Areas of Study


According to the National Cancer Institute at the National Institutes of Health (NIH), being overweight or obese is associated with an increased risk of certain cancers, based on observational studies. Although observational studies provide valuable insight, the findings cannot definitively establish that obesity causes cancer. Despite limitations among these studies, the evidence suggests that lower weight gain during adulthood is associated with reduced risk of a number of cancers.

Learn more about obesity and cancer


For many reasons, walnuts can be a nutritious food for people living with diabetes or metabolic syndrome.

More than 29 million Americans are living with diabetes and about 23 percent of adults are affected by metabolic syndrome.1,2 Individuals with diabetes or metabolic syndrome often have conditions such as high blood pressure, abnormal cholesterol, high triglycerides and obesity, which increase the risk for heart disease and stroke.

Walnuts are a heart-healthy food3 with more than 25 years of research showing how they may have beneficial effects on various factors related to heart health such as LDL (“bad”) and HDL (“good”) cholesterol, blood pressure, inflammation, and plaque formation. Walnuts can also easily be part of a healthy diet that won’t contribute to weight gain or hinder weight loss goals.4,5,6 Walnuts contain important nutrients, like omega-3 ALA (2.5 g/oz), protein (4 g/oz) and fiber (2 g/oz), so they can be eaten in place of less healthy choices to improve diet quality.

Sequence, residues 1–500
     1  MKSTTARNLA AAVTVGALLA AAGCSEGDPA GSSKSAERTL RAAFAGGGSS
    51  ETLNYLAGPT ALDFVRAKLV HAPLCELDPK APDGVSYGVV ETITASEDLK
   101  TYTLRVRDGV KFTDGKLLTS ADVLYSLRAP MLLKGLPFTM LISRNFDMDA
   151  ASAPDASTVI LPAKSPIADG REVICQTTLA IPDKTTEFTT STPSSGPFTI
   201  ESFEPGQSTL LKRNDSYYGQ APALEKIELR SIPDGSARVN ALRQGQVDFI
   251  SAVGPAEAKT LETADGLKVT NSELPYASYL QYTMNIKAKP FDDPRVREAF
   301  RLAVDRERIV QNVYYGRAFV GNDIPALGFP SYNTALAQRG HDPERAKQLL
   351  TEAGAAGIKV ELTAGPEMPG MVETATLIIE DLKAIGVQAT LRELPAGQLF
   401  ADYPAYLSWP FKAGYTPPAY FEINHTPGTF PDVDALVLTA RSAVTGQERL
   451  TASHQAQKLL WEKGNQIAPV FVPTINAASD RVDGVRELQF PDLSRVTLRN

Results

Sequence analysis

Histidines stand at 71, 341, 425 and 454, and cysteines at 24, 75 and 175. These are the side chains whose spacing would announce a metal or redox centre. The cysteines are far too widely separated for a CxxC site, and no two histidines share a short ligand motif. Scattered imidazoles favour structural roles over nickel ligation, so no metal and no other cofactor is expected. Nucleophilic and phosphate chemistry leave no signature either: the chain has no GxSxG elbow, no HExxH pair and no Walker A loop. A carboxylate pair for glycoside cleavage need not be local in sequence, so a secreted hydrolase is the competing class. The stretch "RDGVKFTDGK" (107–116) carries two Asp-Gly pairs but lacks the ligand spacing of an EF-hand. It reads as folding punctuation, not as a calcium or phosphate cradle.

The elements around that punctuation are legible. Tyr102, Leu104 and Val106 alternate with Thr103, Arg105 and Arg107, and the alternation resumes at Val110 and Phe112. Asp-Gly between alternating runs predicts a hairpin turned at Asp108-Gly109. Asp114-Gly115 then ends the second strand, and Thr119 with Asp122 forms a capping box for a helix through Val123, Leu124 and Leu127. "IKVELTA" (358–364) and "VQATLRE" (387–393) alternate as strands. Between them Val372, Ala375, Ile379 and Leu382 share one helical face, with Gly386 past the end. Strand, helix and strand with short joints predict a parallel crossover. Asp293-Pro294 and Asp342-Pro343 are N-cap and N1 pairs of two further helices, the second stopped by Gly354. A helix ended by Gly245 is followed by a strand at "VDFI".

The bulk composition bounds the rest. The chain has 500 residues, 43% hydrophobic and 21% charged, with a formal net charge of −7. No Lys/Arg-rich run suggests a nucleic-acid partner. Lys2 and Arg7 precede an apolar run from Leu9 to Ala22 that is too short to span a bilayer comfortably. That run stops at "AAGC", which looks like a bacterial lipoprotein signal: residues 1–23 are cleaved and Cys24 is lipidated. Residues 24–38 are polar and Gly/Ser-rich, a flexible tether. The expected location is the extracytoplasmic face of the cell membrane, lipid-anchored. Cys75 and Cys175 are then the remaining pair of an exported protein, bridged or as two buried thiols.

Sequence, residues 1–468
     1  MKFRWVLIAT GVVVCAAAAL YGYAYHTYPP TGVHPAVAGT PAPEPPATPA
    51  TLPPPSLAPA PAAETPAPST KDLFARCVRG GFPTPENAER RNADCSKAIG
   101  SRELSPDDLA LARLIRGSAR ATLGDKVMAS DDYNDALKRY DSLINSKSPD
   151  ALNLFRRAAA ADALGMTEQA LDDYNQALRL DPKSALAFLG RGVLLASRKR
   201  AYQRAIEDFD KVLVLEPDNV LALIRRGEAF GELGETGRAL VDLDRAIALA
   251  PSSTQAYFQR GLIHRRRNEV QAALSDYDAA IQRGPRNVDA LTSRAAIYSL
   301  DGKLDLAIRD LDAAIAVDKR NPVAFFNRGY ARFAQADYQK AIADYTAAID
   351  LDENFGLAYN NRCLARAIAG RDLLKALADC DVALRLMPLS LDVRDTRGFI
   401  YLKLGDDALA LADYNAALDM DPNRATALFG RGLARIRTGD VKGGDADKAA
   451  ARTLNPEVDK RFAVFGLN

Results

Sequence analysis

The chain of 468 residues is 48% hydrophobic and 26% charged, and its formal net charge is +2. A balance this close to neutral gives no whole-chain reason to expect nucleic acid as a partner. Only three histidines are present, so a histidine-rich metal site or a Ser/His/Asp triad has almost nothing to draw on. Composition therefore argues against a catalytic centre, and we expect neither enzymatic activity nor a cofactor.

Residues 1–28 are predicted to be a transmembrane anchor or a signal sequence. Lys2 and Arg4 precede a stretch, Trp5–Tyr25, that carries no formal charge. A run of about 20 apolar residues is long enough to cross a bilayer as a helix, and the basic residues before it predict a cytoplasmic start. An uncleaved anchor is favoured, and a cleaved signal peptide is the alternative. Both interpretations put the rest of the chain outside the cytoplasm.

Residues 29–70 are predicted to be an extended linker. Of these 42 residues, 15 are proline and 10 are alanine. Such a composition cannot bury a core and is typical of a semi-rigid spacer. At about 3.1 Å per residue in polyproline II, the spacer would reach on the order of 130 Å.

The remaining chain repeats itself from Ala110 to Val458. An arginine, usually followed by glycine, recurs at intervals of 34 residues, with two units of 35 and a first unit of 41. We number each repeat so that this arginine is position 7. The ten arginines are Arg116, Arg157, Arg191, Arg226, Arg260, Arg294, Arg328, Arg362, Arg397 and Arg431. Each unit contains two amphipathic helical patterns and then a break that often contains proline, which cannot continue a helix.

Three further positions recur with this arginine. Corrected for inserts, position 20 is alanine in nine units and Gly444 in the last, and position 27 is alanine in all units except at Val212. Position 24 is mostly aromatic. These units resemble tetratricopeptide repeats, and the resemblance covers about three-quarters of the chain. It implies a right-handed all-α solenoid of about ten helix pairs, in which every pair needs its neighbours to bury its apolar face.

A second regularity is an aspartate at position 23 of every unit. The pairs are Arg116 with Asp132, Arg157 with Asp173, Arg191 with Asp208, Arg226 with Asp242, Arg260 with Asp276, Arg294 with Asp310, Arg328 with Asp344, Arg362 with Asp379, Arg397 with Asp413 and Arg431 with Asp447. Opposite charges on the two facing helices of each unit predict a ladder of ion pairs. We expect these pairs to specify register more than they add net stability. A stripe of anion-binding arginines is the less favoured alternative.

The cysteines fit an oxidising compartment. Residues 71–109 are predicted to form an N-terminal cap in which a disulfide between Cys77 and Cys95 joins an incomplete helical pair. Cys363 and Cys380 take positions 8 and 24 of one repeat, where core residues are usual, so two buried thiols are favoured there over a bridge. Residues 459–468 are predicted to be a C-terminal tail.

Healthy Aging

The effects of aging can impact quality of life and the ability to maintain independence. Research on the role of diet on brain health continues to evolve.Limited evidence suggests that eating a diet containing a variety of vegetables, fruits, nuts, beans, and seafood during adulthood is associated with lower risk of age-related cognitive impairment, dementia, and Alzheimer’s disease.

Heart Health

Walnuts are a heart-healthy food, certified through the American Heart Association’s Heart-Check program.

Heart disease is the leading cause of death for both men and women in the U.S. The good news is that many of the risk factors associated with heart disease can be controlled with dietary and lifestyle changes.

Mediterranean Diet

Walnuts were a key component in the landmark PREDIMED study (PREvención con DIeta MEDiterránea, or Prevention with Mediterranean Diet) study. This research showed that a Mediterranean diet which includes nuts (primarily walnuts) or extra virgin olive oil, may reduce the risk for heart disease and stroke, compared to a low-fat diet.1 Study participants were older adults who lived in Spain and were at high risk for cardiovascular disease. More research is needed to understand the health benefits in other populations.

Reproductive Health

study of healthy young men (ages 21-35 years), who ate 2.5 ounces of walnuts per day, experienced positive shifts in sperm quality factors, including both motility (movement) and morphology (form).1 Consuming walnuts may have contributed to shifts in certain sperm quality factors in these healthy young men, but more research is needed to understand how these findings impact the broader male population, including men in fertility clinics. Watch this video to learn more about men’s reproductive health research.


Although walnuts contain dietary fat, they won’t necessarily make you gain body fat. Walnuts are predominantly made up of good fats, which play an important role in the diet. The Dietary Guidelines for Americans recommends shifting food choices from those high in saturated fats to those high in good unsaturated fats, like those found in walnuts.

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